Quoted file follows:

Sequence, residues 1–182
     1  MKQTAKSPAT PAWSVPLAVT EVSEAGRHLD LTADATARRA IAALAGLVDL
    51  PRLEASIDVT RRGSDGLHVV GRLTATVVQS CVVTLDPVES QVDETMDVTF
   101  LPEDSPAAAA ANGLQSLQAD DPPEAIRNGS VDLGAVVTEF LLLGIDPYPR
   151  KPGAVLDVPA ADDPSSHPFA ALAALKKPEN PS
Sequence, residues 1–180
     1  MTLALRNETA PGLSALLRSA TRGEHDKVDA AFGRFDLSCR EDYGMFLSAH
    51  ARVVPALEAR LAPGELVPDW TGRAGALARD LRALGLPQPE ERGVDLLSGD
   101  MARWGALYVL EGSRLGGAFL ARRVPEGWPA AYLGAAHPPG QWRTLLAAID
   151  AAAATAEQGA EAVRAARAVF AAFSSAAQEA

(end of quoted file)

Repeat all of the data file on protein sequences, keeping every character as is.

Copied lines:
Sequence, residues 1–182
     1  MKQTAKSPAT PAWSVPLAVT EVSEAGRHLD LTADATARRA IAALAGLVDL
    51  PRLEASIDVT RRGSDGLHVV GRLTATVVQS CVVTLDPVES QVDETMDVTF
   101  LPEDSPAAAA ANGLQSLQAD DPPEAIRNGS VDLGAVVTEF LLLGIDPYPR
   151  KPGAVLDVPA ADDPSSHPFA ALAALKKPEN PS
Sequence, residues 1–180
     1  MTLALRNETA PGLSALLRSA TRGEHDKVDA AFGRFDLSCR EDYGMFLSAH
    51  ARVVPALEAR LAPGELVPDW TGRAGALARD LRALGLPQPE ERGVDLLSGD
   101  MARWGALYVL EGSRLGGAFL ARRVPEGWPA AYLGAAHPPG QWRTLLAAID
   151  AAAATAEQGA EAVRAARAVF AAFSSAAQEA